Hat-trick of titles for McCartin & Kinsella

Post date: Jul 29, 2014 7:44:1 AM

Barry McCartin and Conor Kinsella christened their new boat, 15114, by winning the Irish Fireball Munsters at Wexford Harbour Boat and Tennis Club over this past weekend. In so doing they have now racked up their third regatta title of the season, the Ulsters and the Open Championship having gone their way as well.Most clubs have a characteristic that makes them unique – be it a particular form of hospitality or a unique location or some interesting tradition. Wexford Harbour Boat & Tennis Club too has a unique feature and an even more unusual approach to resolving the implication of that feature! The unique feature is that they are cut off from their racing area by a bridge. Their unique approach to that feature is that depending on the state of the tide, boats are careened onto their sides with the assistance of club ribs to get under the bridge.

Sixteen Irish Fireballs made the trip to the SE corner of Ireland for the event, just over 1½hrs drive from Dublin. In addition to the christening of the newest boat in the fleet, the event saw the seasonal debut of Andy Boyle, crewed by Alexander Rumball (14934) and home debutants in the form of Ben Scallan and Ronan Wallace, sailing McCartin’s previous boat (14820).

For the four Irish boats doing the Europeans this was their last session in a Fireball before they take to the roads. McCartin & Kinsella will go to the Shetlands showing good form and an ability to get out of poor situations on the course. A number of times this weekend they have been in places one wouldn’t expect to see them but they always, with one exception, managed to keep biggish numbers of their score card.

The six race regatta had five race winners in McCartin & Kinsella (Races 1 & 3), Scallan & Wallace (Race 2), Boyle & Rumball (Race 4), Noel Butler & Stephen Oram (15061) (Race 5) and the Clancy Brothers, Conor and James (14807) (Race 6). Noticeable by their absences from this roll-call of race winners are Kenneth Rumball and David Moran (15058) who nevertheless put together a very consistent record of results with only one "blip“.

Four races were sailed on Saturday in what were very difficult conditions. One race was shortened as it had become a soldier’s course on the upwind leg but the Race Officer persevered and got four races in. Sailed in sunshine, the wind moved around constantly and saw a lot of effort going into the changing of the weather mark position and the limit mark for the start line. While the new boat won its first race, it was only late on that this looked possible as Scallan and Wallace, using local knowledge set the pace for everyone. What were to become the “usual suspects” populated the lead group, with Team Clancy, Rumball & Moran, Butler & Oram, Boyle & Rumball, Niall McGrotty & Neil Cramer (14938) and McCartin & Kinsella were at the front of the fleet as well but at the second weather mark it was Scallan and Louis Smyth & Cormac Bradley who were trying to lead the fleet around the course. Problem was that mist had enveloped the leeward mark to make matters interesting. Scallan went right on the downwind sausage, Smyth & Butler went left but Butler came back earlier and by the time the fleet got to the leeward mark, Smyth & Bradley’s “fifteen minutes of fame” had elapsed. Scallan would finish fourth behind McCartin, Clancy and Butler, but he had laid down his marker.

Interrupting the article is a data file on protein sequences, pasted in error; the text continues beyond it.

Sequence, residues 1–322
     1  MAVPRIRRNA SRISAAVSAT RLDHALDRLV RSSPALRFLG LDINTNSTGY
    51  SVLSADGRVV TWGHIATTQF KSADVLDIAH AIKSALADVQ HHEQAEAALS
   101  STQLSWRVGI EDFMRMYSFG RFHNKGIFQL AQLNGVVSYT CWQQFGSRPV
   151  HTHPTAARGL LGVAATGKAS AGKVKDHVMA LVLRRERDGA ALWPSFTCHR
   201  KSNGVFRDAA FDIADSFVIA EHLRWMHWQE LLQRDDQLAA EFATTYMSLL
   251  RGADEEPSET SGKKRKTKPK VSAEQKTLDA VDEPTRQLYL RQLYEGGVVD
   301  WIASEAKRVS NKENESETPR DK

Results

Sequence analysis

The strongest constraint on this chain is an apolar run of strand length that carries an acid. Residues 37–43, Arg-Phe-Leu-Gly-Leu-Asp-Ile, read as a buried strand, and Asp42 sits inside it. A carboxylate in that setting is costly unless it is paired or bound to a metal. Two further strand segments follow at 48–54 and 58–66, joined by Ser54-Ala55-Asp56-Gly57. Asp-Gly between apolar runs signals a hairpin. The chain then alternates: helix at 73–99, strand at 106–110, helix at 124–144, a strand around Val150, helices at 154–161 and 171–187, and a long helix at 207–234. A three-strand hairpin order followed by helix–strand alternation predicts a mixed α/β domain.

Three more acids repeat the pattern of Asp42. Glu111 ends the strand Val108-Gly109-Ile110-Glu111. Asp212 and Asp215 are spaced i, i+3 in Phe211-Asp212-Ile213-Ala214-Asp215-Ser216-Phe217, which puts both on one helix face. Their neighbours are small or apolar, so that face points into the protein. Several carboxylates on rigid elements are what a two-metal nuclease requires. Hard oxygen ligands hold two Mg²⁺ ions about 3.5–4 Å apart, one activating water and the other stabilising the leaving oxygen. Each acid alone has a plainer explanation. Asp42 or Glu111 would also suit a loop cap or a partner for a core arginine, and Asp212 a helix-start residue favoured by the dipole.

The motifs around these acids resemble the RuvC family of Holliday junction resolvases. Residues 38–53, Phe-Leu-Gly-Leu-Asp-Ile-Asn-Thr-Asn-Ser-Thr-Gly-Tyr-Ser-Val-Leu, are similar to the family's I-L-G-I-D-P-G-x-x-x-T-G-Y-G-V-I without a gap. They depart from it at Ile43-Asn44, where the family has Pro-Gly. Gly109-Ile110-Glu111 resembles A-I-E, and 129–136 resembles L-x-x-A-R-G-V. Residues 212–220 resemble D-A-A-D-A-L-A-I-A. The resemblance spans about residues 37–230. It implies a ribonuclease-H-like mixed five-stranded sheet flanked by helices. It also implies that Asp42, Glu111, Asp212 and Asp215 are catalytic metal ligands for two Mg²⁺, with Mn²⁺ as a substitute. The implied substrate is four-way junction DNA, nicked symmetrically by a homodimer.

Another Olympic course was set for Race 2, the mist lifted but the wind became a bit more fickle. The first triangle was completed with everything in order but a wind shift to the right hand side made a mockery of the second beat. Scallan leading again went to the RHS and in true “pied piper style” took a number of the lead boats with him – McGrotty & Cramer and Smyth & Bradley. The next two round, Butler & Oram and Rumball & Moran took a leftward hitch and then tacked again to sail parallel. While Scallan and McGrotty escaped the clutches of the fourth and fifth boats at the leeward mark, Smyth wasn’t so lucky as both Butler and Rumball got to the finish at the second weather mark before him.